Help us to get the wheels of the circular economy turning in a particularly beautiful part of Colombia. Once the first plant is up and running, it will be much easier to expand this idea to the whole country.

And get half price..

With our “Half Way – Half Price” campaign, you can claim a 50% discount at our hotel in return for your donation. The hotel “AUEN – Posada Andina” is our predecessor project, which is now in operation. You can find out more here: https://auen.com.co/

Why is the project an EcoCrowd project?

The proper treatment of organic waste is playing an increasingly important role globally. Openly deposited organic waste and animal faeces from agriculture contribute to climate change through wild fermentation with considerable methane emissions. In addition, the application of a linear economic model (throwaway economy) means that important and limited fertilizers are lost globally every day.

Source: Lexikon der Fernerkundung, Karte der Weltweiten Vertwilung von Methan, gemittelt 2002 bis 2011

More so than in our latitudes, this aspect plays a particularly important role in the Global South, where the waste of a large part of the world’s population is dumped in open landfills and the organic components ferment there openly. Recycling techniques such as those used in industrialized countries are often too expensive and not profitable. As a result, technical approaches that are considered the standard in the developed part of the world are not used for 80% of the world’s population.

With this plant, we want to set a precedent and use this practical example to show what it takes to implement large-scale prevention of wild methane emissions through the targeted treatment of organic waste and animal faeces.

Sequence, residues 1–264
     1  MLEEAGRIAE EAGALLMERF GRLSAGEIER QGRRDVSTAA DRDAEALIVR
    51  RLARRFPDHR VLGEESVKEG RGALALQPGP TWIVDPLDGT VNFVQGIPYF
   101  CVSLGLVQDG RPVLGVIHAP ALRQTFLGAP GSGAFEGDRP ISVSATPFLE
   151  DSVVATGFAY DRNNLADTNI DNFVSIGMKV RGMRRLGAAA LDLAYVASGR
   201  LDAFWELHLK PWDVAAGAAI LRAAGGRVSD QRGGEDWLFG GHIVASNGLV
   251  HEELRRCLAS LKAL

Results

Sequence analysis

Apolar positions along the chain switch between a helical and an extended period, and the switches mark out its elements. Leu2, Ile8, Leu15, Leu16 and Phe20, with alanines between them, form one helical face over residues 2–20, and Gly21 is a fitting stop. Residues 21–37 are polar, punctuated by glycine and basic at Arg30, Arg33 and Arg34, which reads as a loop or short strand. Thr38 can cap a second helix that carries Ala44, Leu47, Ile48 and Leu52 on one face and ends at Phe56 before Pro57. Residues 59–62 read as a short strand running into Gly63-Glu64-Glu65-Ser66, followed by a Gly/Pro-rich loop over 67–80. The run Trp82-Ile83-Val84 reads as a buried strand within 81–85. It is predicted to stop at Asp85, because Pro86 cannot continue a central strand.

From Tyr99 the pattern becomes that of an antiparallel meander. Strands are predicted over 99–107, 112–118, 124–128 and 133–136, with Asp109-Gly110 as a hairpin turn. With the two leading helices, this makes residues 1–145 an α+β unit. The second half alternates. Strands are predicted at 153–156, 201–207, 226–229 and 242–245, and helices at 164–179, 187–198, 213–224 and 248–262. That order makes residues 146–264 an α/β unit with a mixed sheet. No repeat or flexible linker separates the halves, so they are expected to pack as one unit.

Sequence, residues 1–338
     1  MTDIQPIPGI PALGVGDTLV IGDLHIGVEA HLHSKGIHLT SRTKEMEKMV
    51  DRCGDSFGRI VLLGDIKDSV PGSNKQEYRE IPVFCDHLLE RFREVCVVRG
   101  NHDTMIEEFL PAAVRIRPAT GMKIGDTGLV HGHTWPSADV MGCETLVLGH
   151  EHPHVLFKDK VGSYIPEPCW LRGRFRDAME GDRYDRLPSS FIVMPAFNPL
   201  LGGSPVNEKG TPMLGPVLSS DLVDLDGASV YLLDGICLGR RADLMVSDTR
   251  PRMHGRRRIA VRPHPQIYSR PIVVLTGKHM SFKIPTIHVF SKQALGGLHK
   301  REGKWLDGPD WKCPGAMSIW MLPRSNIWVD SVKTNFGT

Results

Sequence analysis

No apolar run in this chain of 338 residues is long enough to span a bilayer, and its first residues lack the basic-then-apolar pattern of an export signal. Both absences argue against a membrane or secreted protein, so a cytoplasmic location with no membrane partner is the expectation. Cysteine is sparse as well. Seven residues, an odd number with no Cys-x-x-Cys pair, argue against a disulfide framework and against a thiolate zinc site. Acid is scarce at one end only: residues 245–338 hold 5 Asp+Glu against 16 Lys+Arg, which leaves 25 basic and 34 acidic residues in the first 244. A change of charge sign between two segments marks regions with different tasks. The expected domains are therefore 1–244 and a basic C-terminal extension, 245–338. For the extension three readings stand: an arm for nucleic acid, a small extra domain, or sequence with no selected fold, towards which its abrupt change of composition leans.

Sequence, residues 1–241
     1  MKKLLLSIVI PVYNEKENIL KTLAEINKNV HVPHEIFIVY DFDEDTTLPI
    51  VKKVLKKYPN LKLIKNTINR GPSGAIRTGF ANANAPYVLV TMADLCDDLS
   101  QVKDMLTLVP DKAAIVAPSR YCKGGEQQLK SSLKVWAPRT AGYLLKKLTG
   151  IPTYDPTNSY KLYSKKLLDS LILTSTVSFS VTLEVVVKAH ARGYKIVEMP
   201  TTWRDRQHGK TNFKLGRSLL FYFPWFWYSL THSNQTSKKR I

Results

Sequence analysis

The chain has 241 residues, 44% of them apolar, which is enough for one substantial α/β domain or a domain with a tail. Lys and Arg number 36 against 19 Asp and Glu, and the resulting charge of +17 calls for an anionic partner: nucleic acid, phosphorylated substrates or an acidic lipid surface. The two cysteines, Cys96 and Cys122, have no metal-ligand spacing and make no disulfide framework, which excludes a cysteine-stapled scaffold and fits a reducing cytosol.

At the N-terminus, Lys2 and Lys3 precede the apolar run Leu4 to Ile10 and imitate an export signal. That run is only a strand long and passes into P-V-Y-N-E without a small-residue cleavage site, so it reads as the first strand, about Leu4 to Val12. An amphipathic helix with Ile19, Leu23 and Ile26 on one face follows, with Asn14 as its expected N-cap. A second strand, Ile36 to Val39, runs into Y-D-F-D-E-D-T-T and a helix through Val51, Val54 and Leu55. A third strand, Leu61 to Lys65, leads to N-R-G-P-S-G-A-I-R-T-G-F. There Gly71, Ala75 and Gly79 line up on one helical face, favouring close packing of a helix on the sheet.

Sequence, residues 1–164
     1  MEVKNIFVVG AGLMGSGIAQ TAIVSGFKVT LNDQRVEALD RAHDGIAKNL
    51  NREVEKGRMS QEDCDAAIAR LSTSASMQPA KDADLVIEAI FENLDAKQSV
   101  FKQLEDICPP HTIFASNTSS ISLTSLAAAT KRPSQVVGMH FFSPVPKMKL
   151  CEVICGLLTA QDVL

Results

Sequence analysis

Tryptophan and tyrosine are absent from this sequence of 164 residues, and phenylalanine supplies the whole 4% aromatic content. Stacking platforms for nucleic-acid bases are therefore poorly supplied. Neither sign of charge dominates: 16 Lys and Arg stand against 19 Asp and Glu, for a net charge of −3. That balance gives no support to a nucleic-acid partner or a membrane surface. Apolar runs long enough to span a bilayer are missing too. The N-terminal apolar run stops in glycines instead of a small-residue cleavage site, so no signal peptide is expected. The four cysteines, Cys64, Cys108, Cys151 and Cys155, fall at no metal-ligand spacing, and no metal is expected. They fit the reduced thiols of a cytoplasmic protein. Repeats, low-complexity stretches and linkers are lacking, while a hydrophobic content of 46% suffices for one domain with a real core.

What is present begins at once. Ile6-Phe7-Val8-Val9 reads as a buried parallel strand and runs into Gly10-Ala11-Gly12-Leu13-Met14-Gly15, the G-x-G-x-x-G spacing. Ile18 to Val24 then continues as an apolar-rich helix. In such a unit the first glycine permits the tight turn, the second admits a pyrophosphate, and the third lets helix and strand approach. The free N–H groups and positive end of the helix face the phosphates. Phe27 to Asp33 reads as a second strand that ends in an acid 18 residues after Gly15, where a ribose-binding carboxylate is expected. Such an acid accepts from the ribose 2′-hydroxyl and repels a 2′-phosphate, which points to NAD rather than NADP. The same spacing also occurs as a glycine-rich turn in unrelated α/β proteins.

By focusing on the circular economy, we generate twofold added value. On the one hand, we are tapping into a renewable energy source (biogas) by capturing methane. Secondly, we make the plant nutrients from the biomass available again for agriculture (biofertilizer). With SENA as a public partner, we have a vocational school at our side, which enables us to create multipliers for the topic.

Tell us something about yourself.

Behind the project is a cooperation between my company HANKE Umweltservices, which I founded specifically for the construction of the local biogas plant in Colombia, and the state vocational school SENA.


I, Tobias Hanke, am an engineer from Hamburg with twenty years of professional experience in international development cooperation – with a focus on water, wastewater and resource management. On behalf of KFW (Kreditanstalt für Wiederaufbau), I am currently working as a technical expert in the project development, implementation and project appraisal of large-scale water supply and disposal facilities in Peru and Colombia (wastewater treatment plants, drinking water plants, supply and disposal networks, etc.). After many years working on various projects around the world, I emigrated to Colombia with my family in 2014 to settle centrally in the region and focus on promoting development issues locally. We moved to a finca near the town of Buga in the Valle del Cauca.

As soon as I arrived, I realized that there was a great need and great potential in the biomass sector in the tropical country. In 2015, I therefore approached the local branch of the state vocational school SENA. In November 2021, we signed the declaration of cooperation for the biomass project at state level and renewed it again at the end of 2023. From SENA’s point of view, the project is of great importance. There are no comparable projects in the country. With the pilot, the institution is taking on a pioneering role. This positive spirit of optimism can be felt throughout the team.

We supply the future, because ...

we produce green electricity and biofertilizer from organic waste and reduce methane emissions in the course of this.

Martin Grepmeier

Muenchen, DE

Julia Starken

Hamburg, DE

Erich Pick

Hamburg, DE

Rainer Zöller

Waldbüttelbrunn, DE

Robert Haarmeyer

Dublin 5, IE